Jeff Speck had thoughts about this. These are 17-foot traffic lanes and 8-foot parking depths. That’s a whole 50 feet from one side to another, without any effort to slow traffic or assist pedestrians.

Until city officials do something about this, anything they say about “walkability” is to be taken as an insult. After all, it’s “not an option,” is it?

May 13, 2015

Board of Works approves new city slogan for new city seal: “It’s not an option.”

There were many curiosities at yesterday’s Board of Public Works and Safety meeting, held at the usual 10:00 a.m. slot which precludes so very much in the way of attendance and public input.

We learned that some folks can temporarily close streets with little effort, while others must assemble a petition. We noticed that when it comes to communications, it doesn’t. It was reported that John “Human Chainsaw” Rosenbarger will be felling 30+ trees on Thomas Street, and planting 50 more … and so on.

However, let’s focus on just one of the items.

At a previous meeting, local businesses occupying the evolving Underground Station property on the corner of Main and Bank had asked the Board of Works to refit the intersection in front of their building (Main and Bank) into a 4-way stop, and to add a handicapped parking space on Main.

It wasn’t surprising to hear street department commissioner Mickey Thompson speak for the board in waving away these requests, but his justifications (and his tone) were puzzling.

As for the handicapped space, Thompson feared establishing a harmful precedent, as though to say that if one business seeks a handicapped space, all of them would. Left unsaid was whether people with handicaps would find this useful.

But isn’t the real question this: Why doesn’t the city, through its Board of Works, proactively address parking issues and enforce parking ordinances? Why be troubled by a solitary handicapped space when no laws presently are enforced? After all, don’t just do something — stand there.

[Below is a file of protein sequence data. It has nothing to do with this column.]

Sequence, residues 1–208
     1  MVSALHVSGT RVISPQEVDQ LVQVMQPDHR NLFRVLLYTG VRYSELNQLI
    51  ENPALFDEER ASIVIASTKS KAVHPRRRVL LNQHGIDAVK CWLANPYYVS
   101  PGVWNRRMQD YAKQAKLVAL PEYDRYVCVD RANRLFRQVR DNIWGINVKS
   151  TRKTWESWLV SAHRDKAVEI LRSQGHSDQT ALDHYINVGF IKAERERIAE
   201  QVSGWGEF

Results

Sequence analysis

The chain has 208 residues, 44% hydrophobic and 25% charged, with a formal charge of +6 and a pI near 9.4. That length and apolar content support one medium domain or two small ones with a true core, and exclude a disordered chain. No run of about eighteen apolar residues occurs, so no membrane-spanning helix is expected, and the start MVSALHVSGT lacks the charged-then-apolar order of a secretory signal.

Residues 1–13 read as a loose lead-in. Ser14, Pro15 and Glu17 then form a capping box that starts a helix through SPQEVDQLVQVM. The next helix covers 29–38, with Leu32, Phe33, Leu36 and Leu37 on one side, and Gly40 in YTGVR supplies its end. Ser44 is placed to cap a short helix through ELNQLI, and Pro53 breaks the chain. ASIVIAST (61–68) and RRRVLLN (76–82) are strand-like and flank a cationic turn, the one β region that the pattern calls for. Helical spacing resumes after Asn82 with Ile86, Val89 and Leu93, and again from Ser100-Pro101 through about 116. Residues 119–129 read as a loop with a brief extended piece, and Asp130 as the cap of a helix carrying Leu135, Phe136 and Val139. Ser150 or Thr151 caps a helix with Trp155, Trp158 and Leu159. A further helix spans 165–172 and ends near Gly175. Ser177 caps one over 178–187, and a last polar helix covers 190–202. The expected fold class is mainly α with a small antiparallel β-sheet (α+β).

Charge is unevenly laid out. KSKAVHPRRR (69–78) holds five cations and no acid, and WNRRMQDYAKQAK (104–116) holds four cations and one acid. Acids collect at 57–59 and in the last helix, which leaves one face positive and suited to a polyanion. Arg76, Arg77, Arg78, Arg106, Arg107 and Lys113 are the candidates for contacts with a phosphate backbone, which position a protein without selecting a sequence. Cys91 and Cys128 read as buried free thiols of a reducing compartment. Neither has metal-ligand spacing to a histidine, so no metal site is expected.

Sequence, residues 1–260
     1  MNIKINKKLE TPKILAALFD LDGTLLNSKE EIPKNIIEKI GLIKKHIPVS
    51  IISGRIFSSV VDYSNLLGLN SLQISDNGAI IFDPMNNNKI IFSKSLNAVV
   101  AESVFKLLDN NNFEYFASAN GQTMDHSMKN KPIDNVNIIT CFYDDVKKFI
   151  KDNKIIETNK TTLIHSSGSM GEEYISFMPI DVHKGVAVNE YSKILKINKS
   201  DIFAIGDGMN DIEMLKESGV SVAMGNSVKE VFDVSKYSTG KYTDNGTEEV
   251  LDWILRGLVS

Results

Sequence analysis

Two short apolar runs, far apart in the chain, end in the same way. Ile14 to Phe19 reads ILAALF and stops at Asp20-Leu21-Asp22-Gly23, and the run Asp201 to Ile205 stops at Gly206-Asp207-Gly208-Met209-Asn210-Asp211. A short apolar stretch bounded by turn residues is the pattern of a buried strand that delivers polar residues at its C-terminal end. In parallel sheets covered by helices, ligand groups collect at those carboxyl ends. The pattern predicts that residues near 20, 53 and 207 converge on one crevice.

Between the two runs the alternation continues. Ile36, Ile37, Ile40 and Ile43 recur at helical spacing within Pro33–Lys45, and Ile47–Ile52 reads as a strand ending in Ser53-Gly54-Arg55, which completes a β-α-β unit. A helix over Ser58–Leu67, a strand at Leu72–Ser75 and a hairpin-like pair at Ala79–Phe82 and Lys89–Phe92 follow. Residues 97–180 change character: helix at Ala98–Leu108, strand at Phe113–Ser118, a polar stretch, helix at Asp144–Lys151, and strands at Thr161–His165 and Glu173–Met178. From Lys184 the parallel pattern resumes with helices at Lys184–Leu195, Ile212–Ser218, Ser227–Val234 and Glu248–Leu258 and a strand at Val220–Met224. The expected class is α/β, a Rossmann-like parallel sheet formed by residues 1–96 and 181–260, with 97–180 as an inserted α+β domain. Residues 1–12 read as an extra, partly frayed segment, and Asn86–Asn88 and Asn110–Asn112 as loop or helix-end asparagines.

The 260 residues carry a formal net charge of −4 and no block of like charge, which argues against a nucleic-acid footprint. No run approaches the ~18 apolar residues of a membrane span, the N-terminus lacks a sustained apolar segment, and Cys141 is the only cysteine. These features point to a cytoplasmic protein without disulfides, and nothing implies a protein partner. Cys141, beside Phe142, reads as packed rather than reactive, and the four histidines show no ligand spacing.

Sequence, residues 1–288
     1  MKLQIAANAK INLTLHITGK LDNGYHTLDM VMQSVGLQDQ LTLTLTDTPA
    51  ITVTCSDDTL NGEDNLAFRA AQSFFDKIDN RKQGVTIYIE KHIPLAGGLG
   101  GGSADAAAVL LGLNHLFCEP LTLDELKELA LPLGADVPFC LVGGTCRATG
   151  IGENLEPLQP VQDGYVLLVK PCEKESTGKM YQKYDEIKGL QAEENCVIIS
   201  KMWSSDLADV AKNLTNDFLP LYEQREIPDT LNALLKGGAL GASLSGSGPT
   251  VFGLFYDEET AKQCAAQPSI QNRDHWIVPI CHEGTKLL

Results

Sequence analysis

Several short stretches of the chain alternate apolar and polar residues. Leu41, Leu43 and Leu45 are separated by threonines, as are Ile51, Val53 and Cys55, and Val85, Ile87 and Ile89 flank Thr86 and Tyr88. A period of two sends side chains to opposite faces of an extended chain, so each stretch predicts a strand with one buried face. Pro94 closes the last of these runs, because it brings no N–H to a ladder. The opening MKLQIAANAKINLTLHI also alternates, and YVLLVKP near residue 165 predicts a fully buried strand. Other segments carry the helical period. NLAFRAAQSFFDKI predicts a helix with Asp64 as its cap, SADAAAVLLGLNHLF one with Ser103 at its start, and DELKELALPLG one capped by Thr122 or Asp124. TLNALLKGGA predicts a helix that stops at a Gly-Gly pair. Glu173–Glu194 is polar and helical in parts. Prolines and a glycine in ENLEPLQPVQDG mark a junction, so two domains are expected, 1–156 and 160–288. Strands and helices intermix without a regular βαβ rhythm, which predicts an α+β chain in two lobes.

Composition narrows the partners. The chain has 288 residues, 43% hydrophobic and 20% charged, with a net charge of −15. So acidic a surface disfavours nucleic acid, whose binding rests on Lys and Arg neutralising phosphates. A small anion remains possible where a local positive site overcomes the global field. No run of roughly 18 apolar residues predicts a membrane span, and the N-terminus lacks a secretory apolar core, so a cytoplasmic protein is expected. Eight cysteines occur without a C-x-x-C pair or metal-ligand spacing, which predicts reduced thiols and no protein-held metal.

As for the 4-way stop request, which was made owing to steadily increasing traffic probably resulting from the simple fact that finally there is commercial traffic where before there was none, Thompson could do no better than grunt: “It’s not an option.” 

The obvious question that should have been asked and answered: “Why Not? Why isn’t it an option?” 

We already know that through the top-down marionette otherwise known as the Board of Works and Safety (that word again), the Democratic municipal machine is delaying all movement toward street grid reform for 18 months or more. However, as the intersection of Main and Bank attests, the grid already is unsafe, and in the regrettable vacuum created by Jeff Gahan’s politically-inspired and plainly cowardly deferrals, our streets are becoming more unsafe by the day.

Jeff, Warren, Adam … yo, guys, can we at least have a Band-Aid to staunch the bleeding?

Even a wooden clothespin in place of the necessary tourniquet might help us to stay alive and watch you ineffectually fiddle.

Following are some fair and balanced pros and cons of the 4-way stop.

The Great Stop Sign Experiment, by Sam Newberg (Streets MN)

… In the big picture my personal hope and goal is for my neighborhood (and city) to be a safer place for all ages to walk and bike. If that means cars have to drive slower or there is more congestion in places or at certain times of the day, I’m willing to accept that. If we build and manage our roads to accommodate rush-hour traffic, the livability of our city will suffer at all hours.